There are trains running in both directions, down tracks towards, into and out of the town ahead. Some years later, I received a strange vision on the first bridge heading north away from the station. I was transported to a terrible house many miles across, attended by swarms of vile birds. This is not relevant now and will not be discussed until you are ready.

The other direction is the one leading away from “the London”—black stains caked on yellow bricks—and into the warm reds. This is partially to do with the iron content of the clay, but largely to do with coke-dust effluent in the air up north. (“Up north” in this context is London.)

Still shaken from my near-immigrant experience, I resolved to meet my assistant, a habitual truant, a real turnip of a boy on a fast-track to obesity, outside the chip shop on the way to the station.

“I told you outside, cretin!” I greeted him jovially.

Gregg’s faith in me was such that my cruel jibe served only to cheer him up. I’d noticed him! He was making friends with the other boys, just like Mother wanted! (Gregg existed right on the border of “congenitally deformed,” but managed to get by undiagnosed, with only a slight air of wrongness.)

It must be told I harboured a nagging suspicion that his morning star went by “mum.”

Shaken by their disgustingness, I dismissed these thoughts. Providence saw fit to throw this overblown pasty into my lap, and I intended to make good use of him. Southwards!

What the coon is to everything north of Hither Green, the Gypsy is south of Hildenborough. People living in more metropolitan areas feel like the Gypsy is a myth, or something akin to a fairy, and have lost touch with their ancestral hatreds. This is their loss!

Bourgeois England, “national” England, is a reaction against the French, but the people themselves, the real country boys, are united only against the Gypsy. Gypsies crawling over wasteland, selling Mother useless roof tiles, telling Mother they were fine, her believing them! The stench!

I explained all this furiously to Gregg, without pausing for air, ’til stars danced before my eyes and I reached into a waxed pocket for my inhaler. Phuft-phuft-phuft…I sank and leaned into the wall opposite…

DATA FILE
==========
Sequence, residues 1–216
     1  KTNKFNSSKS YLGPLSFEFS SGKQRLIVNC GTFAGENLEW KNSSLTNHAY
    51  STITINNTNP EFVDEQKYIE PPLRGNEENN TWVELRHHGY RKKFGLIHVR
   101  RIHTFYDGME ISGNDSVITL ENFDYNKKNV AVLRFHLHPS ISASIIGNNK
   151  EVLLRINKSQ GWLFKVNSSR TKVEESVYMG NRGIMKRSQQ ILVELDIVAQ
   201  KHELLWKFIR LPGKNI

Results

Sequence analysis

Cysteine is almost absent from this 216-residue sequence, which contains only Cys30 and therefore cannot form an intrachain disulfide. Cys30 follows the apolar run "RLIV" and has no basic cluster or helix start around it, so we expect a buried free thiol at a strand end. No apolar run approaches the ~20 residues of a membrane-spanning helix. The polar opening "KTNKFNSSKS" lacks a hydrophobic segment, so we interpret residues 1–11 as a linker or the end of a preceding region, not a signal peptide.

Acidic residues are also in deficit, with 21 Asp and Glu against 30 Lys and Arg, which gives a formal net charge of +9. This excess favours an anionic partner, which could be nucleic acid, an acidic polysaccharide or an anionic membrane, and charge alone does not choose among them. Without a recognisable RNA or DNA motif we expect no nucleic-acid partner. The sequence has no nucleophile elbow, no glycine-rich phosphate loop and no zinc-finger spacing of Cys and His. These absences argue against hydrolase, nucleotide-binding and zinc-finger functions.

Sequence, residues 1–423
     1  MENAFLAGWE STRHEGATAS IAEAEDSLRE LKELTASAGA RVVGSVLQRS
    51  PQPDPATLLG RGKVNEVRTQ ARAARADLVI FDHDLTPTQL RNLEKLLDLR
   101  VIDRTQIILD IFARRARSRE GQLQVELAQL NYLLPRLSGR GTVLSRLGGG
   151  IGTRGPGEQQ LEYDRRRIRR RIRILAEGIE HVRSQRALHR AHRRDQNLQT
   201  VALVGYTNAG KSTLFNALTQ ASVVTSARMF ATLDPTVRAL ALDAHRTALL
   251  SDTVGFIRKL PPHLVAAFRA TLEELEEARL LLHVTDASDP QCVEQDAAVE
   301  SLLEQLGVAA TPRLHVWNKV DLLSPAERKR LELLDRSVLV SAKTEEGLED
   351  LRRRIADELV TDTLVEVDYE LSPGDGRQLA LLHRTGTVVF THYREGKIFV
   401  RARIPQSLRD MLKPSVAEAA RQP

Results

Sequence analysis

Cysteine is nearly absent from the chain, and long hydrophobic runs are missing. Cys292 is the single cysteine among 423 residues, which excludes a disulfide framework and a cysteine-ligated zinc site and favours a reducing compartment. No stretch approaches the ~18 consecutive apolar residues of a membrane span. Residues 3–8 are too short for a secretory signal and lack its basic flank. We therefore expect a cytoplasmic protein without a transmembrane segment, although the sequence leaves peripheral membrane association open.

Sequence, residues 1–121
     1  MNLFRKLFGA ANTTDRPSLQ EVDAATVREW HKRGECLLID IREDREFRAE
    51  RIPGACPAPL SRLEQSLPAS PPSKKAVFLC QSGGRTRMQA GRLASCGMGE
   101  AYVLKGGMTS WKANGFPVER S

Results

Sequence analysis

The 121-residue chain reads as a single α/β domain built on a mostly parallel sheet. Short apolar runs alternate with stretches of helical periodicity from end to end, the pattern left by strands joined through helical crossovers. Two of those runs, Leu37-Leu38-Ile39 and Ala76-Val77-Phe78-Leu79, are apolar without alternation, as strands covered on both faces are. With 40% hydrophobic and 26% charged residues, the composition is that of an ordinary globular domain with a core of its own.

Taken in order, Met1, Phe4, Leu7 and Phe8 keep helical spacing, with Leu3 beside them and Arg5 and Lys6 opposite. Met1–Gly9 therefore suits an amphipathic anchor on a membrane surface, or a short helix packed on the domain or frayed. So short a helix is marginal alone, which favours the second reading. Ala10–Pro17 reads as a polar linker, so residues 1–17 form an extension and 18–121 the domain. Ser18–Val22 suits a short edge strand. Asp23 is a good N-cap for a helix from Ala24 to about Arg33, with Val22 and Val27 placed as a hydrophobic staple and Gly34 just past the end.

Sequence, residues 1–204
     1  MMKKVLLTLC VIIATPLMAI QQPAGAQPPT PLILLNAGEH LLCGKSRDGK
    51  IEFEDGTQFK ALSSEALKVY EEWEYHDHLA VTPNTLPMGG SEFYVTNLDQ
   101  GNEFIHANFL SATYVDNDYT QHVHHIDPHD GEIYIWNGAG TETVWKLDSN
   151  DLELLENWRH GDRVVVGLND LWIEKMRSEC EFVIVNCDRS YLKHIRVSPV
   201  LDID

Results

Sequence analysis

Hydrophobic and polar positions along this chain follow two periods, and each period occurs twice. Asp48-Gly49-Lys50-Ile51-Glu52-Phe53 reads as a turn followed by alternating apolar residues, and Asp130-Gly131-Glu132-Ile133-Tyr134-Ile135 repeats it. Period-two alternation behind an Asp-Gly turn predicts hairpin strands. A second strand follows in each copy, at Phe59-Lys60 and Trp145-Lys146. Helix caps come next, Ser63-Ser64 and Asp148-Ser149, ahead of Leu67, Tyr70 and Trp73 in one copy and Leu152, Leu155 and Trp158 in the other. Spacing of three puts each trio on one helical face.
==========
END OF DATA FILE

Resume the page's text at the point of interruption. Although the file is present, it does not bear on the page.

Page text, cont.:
There is an old Gypsy song, sung only in moments of great secrecy behind shawls of dirty beads, on tin-strewn ground by unnamed creeks of half-treated sewage, which cuts through to the essence of their lonely predicament:

Tyrant of Earth! Pale Misery’s jackal thou!
Are there no stores of vengeful violent fate
Within the magazines of Thy fierce hate?
No poison in the clouds to bathe a brow
That lowers on Thee with desperate contempt?

At last we see them for what they are! Cursed wanderers!

Perhaps, Gregg, you have seen these lines mis-attributed. Pay no attention to hucksters and thieves! To steal from a Gypsy is to become one, and more than this! At least Brendan, leering out the windows of his mobile home, is aware he steals from something greater than his! Percy is and remains a thug!

Ask them! Ask them! Did we not build a small settled village for them, nestled on the far side of the Darent, for when the cruel machine necessity of the orchards changed? When tractors tore wicked slits through the turf of their lives! Away! Away! The village is called St Mary Cray!

Unhappy with their un-workers’ paradise, the Gypsy remained a nomad, dogmen: smelly people of the abyss!

Oh! Oh! Gregg had drifted away, sweaty fistfuls of battered sausage in each mitt.

I leant back and stared. He had something of the Mugridge about him. He may not have wanted my help, but he needed it. But first things must be first. I wondered, idly, if he may be a homosexual, and reached beneath my jacket…


For all installments of “Coon Hunting,” click here.

Previous installments:

  1. Part 1